Those in attendance gave high marks to this year’s speakers. “Sy Esfahani’s discussion of the MGM digital transformation was a brilliant explication of the IT strategic planning process brought to life.  Watch the video. And the David Cameron general session was a great exposure to the unique perspective of a global leader’s worldview, clearly centered in the core values of a representative democracy,” observed Mark Haley, managing partner of The Prism Partnership.
“Sy Esfahani, CIO of MGM Resorts International, shared an eye-opening statistic: In 1958, the average age of an S&P 500 company was 60 years. Today, it’s just 15 years,” said Casamento. “It just underscores the fact that if you’re not innovating quickly today, you’re not going to be around for long.”

And Jennifer Jones, J2 Hospitality Solutions, found added value from the keynote. “David Cameron’s intimate conversation with the group as Wednesday’s keynote speaker was one of the best parts of the conference.”
Jones also took advantage of Oracle’s demonstrations, specifically of its reporting and analytics tool demonstration. “I was able to learn more about how it’s used and its future ability to handle data from Opera — not just POS data.”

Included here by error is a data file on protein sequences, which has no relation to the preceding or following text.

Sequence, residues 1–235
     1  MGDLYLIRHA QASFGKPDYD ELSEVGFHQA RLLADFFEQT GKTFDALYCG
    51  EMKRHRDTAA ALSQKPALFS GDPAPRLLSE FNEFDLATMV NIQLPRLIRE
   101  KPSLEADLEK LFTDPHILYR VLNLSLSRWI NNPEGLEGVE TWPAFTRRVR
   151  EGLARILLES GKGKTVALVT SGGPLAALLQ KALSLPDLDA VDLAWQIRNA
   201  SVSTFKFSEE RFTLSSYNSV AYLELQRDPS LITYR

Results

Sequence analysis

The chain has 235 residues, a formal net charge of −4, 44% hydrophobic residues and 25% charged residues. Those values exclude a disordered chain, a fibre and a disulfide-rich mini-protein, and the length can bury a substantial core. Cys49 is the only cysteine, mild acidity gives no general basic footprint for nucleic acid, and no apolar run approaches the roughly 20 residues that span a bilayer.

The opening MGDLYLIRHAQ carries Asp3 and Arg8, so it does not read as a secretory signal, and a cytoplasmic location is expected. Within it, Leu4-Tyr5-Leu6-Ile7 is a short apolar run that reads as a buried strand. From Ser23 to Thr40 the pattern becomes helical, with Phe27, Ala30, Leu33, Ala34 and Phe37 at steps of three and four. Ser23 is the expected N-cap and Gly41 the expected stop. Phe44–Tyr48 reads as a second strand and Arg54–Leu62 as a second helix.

Creating a Partner and Customer Ecosystem
While some customers have moved to the Oracle cloud, it was estimated that only about 15 percent of its hospitality customers have made the transition. Of these customers, Oracle brought a few to speak directly to industry peers.
“While we already have a very large partner community, through our open system platform we are creating a customer and partner ecosystem that contributes with innovative solutions and ideas for the industry,” said Laura Calin, Oracle VP Strategy and Solutions Management.
“When Oracle acquired Micros, we adopted a business and organization model that has proven successful for all the other Oracle GBUs (Global Business Units),” she added. “A strategy and solutions management team was formed. The overall strategy of the team is to provide the industry with a highly available, secure and scalable platform to power the operations of customers in all segments of the hospitality industry, with an open system mentality through APIs that allow secure and flexible data access for all integration needs. Our solutions not only provide all the needed business analytics for the industry, we also infuse the use of artificial intelligence (with input from other experienced AI Oracle groups) into the platform.”
The vendor-led lunchtime roundtable discussions were also productive to those in attendance. “To have discussions with industry peers regarding hot topics such as EMV was invaluable,” Jones said. “To hear others' struggles and successes regarding implementation of secure payments was very helpful.”
Many of the attendees agreed the conference was time well spent with their peers. “(At OIC) we get to spend a few days with industry colleagues who run precisely the same systems, with their challenges and benefits, as we do,” Rabinoff said. “And, we get to spend time networking with vendor partners and the product management teams from Oracle. These are people who are making key decisions about product direction and roadmaps for our core business systems, so it’s important that we do what we can to understand where they’re heading and to make our voice heard.”